The History of Leith

October 10, 2011

Dr. Johnston

The last minister who officiated in the Church of St. Ninian—now degraded to a granary or store (now offices) —was the venerable Dr. Johnston, the joint founder of the Edinburgh Blind Asylum, who held the incumbency for more than half a century. The old edifice had become unsuited to modern requirements; thus the foundation of a new parish church for North Leith had been completed elsewhere in 1816, and on the 25th of August in that year he took a very affecting leave of the old parish church in which he had officiated so long. ” He expressed sentiments of warm attachment to a flock among -which Providence had so long permitted him to minister,” says the Scots Magazine (Vol. LXXVIL); “and in alluding, with much feeling, to his own advanced age, mentioned his entire sensibility of the approach of that period when the speaker and the hearer should no longer dwell together, and hoped they should ultimately rejoice in ‘ a house not made with hands, eternal in the heavens.'”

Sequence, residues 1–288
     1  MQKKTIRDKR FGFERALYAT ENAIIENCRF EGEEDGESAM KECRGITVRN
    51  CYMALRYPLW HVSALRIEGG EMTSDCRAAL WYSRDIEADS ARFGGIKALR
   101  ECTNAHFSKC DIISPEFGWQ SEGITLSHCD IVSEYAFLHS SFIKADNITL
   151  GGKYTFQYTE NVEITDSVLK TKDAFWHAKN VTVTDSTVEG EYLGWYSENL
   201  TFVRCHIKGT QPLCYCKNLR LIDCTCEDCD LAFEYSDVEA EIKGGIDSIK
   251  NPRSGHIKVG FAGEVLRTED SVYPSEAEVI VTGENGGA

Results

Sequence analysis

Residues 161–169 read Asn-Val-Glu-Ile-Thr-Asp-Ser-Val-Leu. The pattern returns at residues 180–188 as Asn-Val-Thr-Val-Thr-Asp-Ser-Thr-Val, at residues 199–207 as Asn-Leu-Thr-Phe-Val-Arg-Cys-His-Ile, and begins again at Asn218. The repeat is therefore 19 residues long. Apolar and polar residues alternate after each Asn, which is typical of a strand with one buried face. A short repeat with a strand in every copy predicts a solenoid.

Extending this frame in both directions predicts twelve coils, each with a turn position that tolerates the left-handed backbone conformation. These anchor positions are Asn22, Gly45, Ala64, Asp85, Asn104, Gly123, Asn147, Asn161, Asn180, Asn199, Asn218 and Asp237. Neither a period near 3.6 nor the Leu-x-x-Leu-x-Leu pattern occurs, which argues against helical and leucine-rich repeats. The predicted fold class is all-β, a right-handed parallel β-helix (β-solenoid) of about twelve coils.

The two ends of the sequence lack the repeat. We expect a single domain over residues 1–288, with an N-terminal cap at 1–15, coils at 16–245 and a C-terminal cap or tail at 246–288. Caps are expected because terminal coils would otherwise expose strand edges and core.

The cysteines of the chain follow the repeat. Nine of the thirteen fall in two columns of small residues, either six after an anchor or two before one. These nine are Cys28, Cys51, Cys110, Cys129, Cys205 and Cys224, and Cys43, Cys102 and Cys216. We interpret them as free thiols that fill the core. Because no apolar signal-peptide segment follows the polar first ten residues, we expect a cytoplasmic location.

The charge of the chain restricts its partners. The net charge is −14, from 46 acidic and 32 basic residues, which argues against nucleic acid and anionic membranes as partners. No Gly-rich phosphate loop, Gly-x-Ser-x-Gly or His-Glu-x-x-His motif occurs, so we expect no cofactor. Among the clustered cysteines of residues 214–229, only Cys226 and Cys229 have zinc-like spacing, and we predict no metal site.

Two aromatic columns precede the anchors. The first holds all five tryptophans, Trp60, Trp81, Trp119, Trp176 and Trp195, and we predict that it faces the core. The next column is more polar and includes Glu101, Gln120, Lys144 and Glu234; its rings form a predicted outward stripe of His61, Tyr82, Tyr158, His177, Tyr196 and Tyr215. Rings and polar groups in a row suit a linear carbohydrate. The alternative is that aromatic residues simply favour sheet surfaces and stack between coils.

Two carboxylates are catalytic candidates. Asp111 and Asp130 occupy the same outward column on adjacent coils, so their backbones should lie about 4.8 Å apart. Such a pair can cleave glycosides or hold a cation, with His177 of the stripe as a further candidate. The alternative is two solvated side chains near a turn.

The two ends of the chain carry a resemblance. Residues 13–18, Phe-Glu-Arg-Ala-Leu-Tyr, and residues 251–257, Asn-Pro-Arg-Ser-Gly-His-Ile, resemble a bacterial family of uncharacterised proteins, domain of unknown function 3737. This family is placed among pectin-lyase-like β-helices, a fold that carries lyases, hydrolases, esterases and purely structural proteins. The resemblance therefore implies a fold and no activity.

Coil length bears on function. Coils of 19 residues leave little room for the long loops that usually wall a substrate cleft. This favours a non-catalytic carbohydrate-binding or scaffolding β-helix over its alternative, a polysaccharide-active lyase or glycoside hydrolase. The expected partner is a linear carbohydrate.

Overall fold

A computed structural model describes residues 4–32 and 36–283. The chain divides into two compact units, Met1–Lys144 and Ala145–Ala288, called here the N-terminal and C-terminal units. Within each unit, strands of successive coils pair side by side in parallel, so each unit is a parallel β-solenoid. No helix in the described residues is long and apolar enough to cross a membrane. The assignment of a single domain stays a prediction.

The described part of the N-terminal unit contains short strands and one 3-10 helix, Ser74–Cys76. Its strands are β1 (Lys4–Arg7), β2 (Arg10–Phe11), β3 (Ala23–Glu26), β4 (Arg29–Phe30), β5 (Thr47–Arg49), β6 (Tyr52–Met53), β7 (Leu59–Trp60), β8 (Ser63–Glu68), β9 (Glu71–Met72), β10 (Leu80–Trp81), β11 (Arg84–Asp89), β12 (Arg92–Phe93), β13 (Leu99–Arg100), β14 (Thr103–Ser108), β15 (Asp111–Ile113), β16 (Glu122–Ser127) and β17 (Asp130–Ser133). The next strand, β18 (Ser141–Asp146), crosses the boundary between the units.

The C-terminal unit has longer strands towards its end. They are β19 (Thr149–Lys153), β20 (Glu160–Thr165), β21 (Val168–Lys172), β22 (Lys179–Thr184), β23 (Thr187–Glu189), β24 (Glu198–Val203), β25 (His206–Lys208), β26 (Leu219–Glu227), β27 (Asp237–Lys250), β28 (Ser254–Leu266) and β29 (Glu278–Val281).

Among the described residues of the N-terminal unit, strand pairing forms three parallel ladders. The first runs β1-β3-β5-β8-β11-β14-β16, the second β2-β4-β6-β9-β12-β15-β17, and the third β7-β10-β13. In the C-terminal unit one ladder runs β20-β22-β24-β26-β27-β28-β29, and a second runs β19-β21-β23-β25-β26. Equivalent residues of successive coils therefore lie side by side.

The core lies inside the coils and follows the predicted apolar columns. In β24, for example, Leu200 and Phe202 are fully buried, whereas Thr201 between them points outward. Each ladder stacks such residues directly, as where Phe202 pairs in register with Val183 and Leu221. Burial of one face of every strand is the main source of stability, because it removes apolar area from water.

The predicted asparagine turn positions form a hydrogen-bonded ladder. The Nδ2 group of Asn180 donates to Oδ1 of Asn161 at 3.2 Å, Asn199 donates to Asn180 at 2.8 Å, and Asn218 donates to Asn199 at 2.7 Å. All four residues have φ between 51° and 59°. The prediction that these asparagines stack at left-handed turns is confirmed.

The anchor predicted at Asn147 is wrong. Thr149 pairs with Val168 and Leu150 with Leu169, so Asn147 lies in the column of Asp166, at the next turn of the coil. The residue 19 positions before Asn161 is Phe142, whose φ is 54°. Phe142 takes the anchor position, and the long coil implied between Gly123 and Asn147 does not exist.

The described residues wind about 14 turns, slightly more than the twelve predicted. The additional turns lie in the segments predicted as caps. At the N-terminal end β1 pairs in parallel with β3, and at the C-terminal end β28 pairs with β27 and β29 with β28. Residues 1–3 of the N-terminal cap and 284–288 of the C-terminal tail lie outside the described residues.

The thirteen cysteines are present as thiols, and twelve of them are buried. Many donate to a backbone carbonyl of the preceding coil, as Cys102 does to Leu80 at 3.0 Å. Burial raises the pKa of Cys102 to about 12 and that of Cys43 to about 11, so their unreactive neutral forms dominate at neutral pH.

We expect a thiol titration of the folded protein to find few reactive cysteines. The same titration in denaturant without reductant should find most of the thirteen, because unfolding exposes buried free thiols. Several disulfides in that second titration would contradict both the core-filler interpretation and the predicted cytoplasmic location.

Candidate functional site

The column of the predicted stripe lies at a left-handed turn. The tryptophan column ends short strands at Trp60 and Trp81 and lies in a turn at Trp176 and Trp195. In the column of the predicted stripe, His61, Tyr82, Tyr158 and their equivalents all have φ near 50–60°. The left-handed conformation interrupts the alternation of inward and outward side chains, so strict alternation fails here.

Before ten a.m. on the ist September a great crowd collected before the door of the new church, which was speedily filled. All corporate bodies having an interest in it, including the magistrates of the Canongate, were present, and Dr. Johnston, after reading the 6th chapter of 2 Chronicles, delivered a sermon and solemn address, which affected all who heard it. The Rev. David Johnston, D.D., died on the 5th of July, 1824, aged ninety-one years. Four years after, the Courant had the following announcement:—” The public are aware of the many claims which the late Dr. Johnston of North Leith had on the grateful remembrance of the community. Few men have exerted themselves so assiduously in forwarding the great objects of religion and philanthropy, and it gives us much pleasure to learn that a well-merited tribute to his memory has just been completed in the erection of a beautiful bust in the church of North Leith.

Source-Old and New Edinburgh

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